I was able to go back to work about 4 1/2 weeks after surgery. By that time I was feeling pretty good. The first few days were rough in the hospital. But once I got home I started to feel a lot better. I don't know how old you are, but I'm only 24. I think that helped a bit.

Overall, like I said, this surgery was NOTHING compared to the first one. There was pain yes, but not too bad. There was some stiffness and muscle weakness, but again not too bad and it all went away pretty quickly.

Well, I wish you lots of luck. I'm sure you'll do great! Keep me posted on how you're doing.


09-16-2004, 08:55 PM
Hi Jeff,
I actually am 40 and my rod has been in longer than you have been alive, it would be 27 yrs. in January. I got my date for surgery today. It is Nov. 2, I am scheduled for one overnight in the hospital. I am hoping all will be good. I am in pretty good physical shape. I haven't worked in 5 yrs from all that pain. I will be so happy to get my career back. I will keep you posted on my progress. Thanks for your feedback, it is truly appreciated. Kate:p

09-18-2004, 04:20 PM
Hi everyone,
Just wanted to let you know that I had a spinal fusion for scoliosis in 1954 and no metal hardware of anykind was used and still don't to this day have any. But after fifty years the fusion and or back is just tired and I'm now applying for retirement. So for fifty some years I had no metal intrusions in my body, so I would say that is not bad. Maybe luck or just a good fusion.

10-23-2004, 12:08 PM
Hi jeff
glad to hear your doing good!! i have my hardware out this year and i am now back to the way i was before surgery :( i have to go back in jan 2005. i am new to this web site hope to hear from some one. thanks joanne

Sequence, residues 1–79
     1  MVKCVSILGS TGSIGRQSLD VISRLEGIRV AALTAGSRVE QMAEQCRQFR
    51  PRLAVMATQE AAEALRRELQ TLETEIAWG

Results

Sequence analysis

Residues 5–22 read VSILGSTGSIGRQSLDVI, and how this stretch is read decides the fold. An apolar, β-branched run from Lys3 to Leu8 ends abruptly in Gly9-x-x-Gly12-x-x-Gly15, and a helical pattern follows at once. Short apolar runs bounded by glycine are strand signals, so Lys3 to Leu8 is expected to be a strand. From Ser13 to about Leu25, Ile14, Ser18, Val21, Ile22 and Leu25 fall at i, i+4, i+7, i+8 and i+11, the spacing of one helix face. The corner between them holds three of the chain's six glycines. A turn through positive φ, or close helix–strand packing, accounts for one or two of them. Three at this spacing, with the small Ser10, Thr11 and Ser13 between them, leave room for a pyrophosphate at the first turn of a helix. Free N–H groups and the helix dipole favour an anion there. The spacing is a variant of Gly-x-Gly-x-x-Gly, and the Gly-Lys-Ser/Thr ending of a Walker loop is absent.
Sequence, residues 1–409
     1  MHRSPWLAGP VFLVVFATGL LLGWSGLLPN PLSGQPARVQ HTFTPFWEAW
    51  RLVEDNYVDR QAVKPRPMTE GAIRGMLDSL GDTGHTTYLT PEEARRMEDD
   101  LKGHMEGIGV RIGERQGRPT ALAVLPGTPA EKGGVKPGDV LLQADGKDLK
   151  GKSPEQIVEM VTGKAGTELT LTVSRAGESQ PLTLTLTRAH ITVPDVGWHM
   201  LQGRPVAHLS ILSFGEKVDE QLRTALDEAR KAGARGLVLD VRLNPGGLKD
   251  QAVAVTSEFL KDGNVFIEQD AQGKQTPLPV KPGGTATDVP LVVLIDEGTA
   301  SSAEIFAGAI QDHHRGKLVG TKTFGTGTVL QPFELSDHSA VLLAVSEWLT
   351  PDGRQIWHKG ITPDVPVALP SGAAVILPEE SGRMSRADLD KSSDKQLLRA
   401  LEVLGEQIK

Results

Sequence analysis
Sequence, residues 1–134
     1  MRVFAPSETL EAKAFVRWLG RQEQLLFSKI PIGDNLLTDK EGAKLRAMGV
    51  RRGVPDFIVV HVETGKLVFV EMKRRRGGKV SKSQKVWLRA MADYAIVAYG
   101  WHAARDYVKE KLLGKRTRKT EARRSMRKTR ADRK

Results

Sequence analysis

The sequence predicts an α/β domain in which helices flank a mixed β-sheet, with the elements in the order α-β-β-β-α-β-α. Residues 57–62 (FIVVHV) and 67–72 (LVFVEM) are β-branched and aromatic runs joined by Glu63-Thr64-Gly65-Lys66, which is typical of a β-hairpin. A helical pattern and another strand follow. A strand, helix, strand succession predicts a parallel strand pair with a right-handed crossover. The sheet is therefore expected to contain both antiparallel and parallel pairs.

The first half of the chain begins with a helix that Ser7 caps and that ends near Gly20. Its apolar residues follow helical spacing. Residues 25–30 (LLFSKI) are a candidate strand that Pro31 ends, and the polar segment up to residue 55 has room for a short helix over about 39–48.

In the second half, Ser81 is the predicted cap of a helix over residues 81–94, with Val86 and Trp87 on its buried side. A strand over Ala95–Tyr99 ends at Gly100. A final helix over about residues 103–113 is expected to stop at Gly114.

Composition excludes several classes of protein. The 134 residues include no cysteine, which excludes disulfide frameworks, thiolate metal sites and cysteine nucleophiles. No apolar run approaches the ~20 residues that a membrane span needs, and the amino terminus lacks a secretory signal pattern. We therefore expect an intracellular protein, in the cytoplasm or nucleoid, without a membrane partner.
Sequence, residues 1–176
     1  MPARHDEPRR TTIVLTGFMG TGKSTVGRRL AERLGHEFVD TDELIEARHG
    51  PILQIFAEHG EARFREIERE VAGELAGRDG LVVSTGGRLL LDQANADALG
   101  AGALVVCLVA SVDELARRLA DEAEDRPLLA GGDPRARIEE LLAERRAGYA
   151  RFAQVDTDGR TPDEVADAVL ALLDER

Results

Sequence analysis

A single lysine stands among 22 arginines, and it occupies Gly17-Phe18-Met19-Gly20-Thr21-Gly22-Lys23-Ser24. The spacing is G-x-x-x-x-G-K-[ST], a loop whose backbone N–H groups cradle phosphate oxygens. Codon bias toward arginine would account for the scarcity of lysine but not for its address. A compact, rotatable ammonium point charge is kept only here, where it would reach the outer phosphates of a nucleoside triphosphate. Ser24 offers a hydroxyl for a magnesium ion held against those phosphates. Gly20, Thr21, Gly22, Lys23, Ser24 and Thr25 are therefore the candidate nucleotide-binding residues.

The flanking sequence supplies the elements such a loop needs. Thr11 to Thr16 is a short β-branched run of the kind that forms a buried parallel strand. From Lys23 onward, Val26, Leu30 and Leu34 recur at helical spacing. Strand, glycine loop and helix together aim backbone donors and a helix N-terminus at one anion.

10-24-2004, 04:42 PM
Like Danite I have an uninstrumented fusion from 1983.
Despite a solid fusion it seems to have progressed by 1 degree per year since surgery. I saw a consultant regarding revision a few weeks ago and he suggested that large fused curves(over 60 degrees) can progress slowly over time whereas under 60 degrees they seem to be more likely to hold.
Mine of course are 120/60 degrees.
I have seen some fused curves progress after rod removal especially if it's a large long single curve.It certainly deserves a lot of thought before opting for rod removal but if the pain is so severe it's best to have them taken out.

10-24-2004, 08:33 PM
hi everyone,
i have a 60 degree curve and the dr. put rods in 12/1999 and improved my back and rib hump i looked great!! The lower screws where backing out and causeing really bad pain so the Dr. said she could take out all the hardware that was 4/2004 I said great! Well around june i could really notice a change in my back ie: my bra stapes sliding off when I would lie down on the tanning bed I felt my bones on my back in different places. That was the biggie because the tanning bed is so flat I could really tell the difference. My neck and head were moving forward too. So in the last 4 months it has moved back to the same before surgery. Now I have to go back again in Jan 2005 to put the hardware back in and now have a halo too. That will help my neck to hold the fusion better. But there is a higher chance of paralysis. Well I hope it works, they say 3rd times a charm...right?
Do you know of anyone that has had Halo Traction? If so Please let me know.
Thanks joanne

10-24-2004, 08:36 PM
Hi Joanne...

Who is your surgeon?

Did they give you any ideas as to why your spine didn't fuse?


10-25-2004, 06:32 AM
Hi Joanne,
I had Halo traction in 1983.I spent 8 weeks on a stryker frame to try to straighten a severe curve.The Halo clamp was attached to my skull and pins through my tibia and I was pulled from above and below with water weights.The concept of Halo aounds a lot worse than it actually is.Even as a 15 year old I didn't find it painful or distressing in any way.Modern styles of Halo have been developed which are a lot more patient friendly and it does a great job of stabilising the spine.The only drawback is that the entry points of the pins into the skull leave a small scar and the doctor placing my halo clamp put them straight into the front of my forehead and the scars mean that I keep my hair in a fringe(bangs) to cover them or wear a lot of concealer underneath my make up.Just ask if the doctor will insert them in a place where they will not show later on.
Any questions please ask.